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RBC I For more than 40 years, Mike Cottingham has been sending teenagers into national parks, forests and wilderness areas for multi-week backcountry outings. They run rapids, ride horseback and summit some of the West’s most famous peaks. But Cottingham believes he will be forced out of business by a new Obama administration requirement to pay staff a minimum wage of $10.10 an hour.
This week, Cottingham beseeched a congressional panel to exempt outfitters, summer camps and other outdoor recreation businesses.
Cottingham explained that to keep costs affordable for campers’ parents, Wilderness Ventures, Inc. pays 80 to 100 college-aged counselors around $2,500 for six to seven weeks of what can be 24-7 work.
“Plus they are getting bonuses of being able to climb major peaks (and) raft rivers,” Cottingham added. He estimated that complying with the new rule would triple or quadruple his payroll and require him to increase fees so much that only the richest families could participate.
The $10.10 minimum wage kicks in when a company gets a new permit to operate on federal land.
This summer, only one of Wilderness Ventures’ dozens of itineraries, one that includes Olympic National Park, will face the new wage requirements. But in the coming years, as his permits expire, most of his programs in the U.S.—such as trips to the High Sierras, Denali, Yellowstone and the Oregon Cascades—could become just too pricey.
The American Outdoors Association, which represents several hundred outdoor companies across the country, told the members of Congress that many outfitters fear they’ll have to raise costs, cut staff or even go out of business because of the new requirements, which include making sure subcontractors also pay the new wages.
Rep. Chris Stewart, R-Utah, introduced a bill to try to exempt recreation businesses from the new rule.
“It’s a simple fix that will allow these businesses to continue to operate on federal lands and allow all of us the opportunity to enjoy extraordinary experiences in our national parks and other public lands,” Stewart told the Committee on Oversight and Government Reform Subcommittee on the Interior.
The Labor Department official told the panel that President Obama’s executive order, which dictated the rule, clearly included companies operating on federal lands under permits.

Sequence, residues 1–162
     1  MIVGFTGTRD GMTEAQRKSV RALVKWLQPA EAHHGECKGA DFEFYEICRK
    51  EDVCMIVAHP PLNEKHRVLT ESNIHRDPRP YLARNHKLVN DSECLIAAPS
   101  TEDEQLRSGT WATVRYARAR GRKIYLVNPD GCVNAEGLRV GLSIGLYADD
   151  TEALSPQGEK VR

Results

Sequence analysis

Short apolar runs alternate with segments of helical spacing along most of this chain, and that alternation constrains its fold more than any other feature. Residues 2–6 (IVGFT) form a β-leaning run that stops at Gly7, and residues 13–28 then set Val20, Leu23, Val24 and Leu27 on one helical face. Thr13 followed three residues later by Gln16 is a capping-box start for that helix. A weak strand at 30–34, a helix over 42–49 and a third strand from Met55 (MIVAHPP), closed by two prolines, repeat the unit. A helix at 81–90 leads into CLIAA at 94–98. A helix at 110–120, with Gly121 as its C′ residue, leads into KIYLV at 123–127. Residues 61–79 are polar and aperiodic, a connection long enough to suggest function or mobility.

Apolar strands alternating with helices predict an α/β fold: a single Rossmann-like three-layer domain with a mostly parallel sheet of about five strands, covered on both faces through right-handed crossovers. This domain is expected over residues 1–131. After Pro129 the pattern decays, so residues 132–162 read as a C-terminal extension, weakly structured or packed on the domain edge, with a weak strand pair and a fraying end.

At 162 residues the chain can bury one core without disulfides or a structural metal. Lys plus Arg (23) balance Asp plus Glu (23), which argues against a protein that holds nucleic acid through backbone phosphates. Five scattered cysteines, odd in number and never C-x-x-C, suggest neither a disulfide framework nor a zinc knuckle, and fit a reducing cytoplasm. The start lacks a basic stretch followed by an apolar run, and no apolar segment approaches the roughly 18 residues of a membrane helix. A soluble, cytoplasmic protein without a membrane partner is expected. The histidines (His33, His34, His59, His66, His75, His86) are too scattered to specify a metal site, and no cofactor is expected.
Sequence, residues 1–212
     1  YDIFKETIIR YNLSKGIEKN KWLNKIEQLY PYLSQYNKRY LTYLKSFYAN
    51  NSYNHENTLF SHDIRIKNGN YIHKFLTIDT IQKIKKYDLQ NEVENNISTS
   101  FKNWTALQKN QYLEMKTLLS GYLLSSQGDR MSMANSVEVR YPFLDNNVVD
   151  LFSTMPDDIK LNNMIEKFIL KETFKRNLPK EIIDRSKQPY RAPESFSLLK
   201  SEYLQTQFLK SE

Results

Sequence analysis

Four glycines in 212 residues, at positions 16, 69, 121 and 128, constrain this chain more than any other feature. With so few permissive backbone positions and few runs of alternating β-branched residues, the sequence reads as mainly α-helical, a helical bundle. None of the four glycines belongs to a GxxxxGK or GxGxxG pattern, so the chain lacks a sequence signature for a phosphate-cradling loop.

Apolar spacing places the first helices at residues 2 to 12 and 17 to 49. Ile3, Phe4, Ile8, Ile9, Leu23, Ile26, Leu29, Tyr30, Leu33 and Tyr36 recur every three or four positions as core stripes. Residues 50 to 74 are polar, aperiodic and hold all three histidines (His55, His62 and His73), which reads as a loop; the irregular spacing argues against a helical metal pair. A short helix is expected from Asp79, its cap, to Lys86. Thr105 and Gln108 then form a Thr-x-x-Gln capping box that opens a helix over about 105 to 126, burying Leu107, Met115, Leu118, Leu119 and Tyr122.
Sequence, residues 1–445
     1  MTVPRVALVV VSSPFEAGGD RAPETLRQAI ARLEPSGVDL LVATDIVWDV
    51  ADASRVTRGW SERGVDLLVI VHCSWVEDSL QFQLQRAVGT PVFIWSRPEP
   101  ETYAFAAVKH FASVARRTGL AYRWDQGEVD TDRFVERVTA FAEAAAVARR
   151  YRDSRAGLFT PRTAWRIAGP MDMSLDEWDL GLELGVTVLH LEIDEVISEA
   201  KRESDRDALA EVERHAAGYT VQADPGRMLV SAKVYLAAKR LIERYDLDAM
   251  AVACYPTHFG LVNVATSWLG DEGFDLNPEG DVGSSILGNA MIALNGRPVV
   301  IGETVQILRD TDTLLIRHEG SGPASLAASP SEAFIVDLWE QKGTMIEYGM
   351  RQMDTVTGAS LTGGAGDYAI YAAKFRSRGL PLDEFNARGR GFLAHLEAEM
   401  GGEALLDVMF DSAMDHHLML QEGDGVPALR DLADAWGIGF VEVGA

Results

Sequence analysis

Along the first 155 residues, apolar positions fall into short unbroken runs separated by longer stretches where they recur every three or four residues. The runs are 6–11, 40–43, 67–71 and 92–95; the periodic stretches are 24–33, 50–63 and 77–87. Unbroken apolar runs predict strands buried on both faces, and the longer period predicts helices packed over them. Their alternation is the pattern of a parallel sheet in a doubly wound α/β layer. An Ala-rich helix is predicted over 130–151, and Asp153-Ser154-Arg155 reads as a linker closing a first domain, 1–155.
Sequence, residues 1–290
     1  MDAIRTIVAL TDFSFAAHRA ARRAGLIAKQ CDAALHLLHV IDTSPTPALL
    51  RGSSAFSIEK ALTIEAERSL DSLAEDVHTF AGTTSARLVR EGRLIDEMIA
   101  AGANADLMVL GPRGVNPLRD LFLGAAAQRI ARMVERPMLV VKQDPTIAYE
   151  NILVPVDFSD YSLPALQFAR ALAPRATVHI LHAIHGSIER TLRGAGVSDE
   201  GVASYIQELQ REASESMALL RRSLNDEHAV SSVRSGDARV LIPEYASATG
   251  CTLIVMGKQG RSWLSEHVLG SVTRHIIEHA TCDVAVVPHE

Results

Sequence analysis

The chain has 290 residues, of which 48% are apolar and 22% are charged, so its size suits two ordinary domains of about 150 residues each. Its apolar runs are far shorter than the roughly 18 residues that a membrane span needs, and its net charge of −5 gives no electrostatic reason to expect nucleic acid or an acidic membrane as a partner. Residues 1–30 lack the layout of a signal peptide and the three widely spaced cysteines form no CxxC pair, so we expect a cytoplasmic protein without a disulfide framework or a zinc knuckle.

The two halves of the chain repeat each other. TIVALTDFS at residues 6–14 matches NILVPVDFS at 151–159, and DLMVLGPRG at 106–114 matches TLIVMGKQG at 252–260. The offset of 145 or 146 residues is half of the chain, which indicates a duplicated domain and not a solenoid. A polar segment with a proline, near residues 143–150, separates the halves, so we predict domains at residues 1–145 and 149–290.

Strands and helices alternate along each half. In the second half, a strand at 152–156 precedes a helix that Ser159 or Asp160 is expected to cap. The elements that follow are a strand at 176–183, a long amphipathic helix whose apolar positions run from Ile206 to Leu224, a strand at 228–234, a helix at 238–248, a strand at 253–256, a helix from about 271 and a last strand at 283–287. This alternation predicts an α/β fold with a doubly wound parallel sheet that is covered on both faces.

Rep. Cynthia Lummis, R-Wyoming, who chairs the subpanel, said that the Obama administration has promoted tourism on federal lands to replace logging, mining and drilling operations that have been “strangled by regulation.
“So it’s rather ironic that now the executive branch is working to regulate wilderness tourism out of business,” Lummis said.
But Michael Lazzeri, a Labor Department assistant administrator, said that added costs to businesses would be offset by benefits, including improved employee morale, less turnover and more productivity.
“We’re rewarding a hard day’s work,” Lazzeri said.
Cottingham said that the Labor Department doesn’t understand his employees.
“I’ve never met a mountain guide on Mount Rainier, Grand Teton, Mount Shasta, I’ve never met a river rafting guide on any of the rivers I run, who had low morale,” Cottingham said. “They’re people doing this because they just love the opportunity to share their enthusiasm.”
HCN asked the Labor Department whether outfitters could avoid paying seasonal workers the new wages, and was told the answers would not be available by deadline.
HCN also requested copies of any comments submitted by the Interior Department or Forest Service, and was told to submit a Freedom of Information Act request.
Answers to such requests routinely take months.
Elizabeth Shogren is the Washington, D.C., Correspondent for High Country News.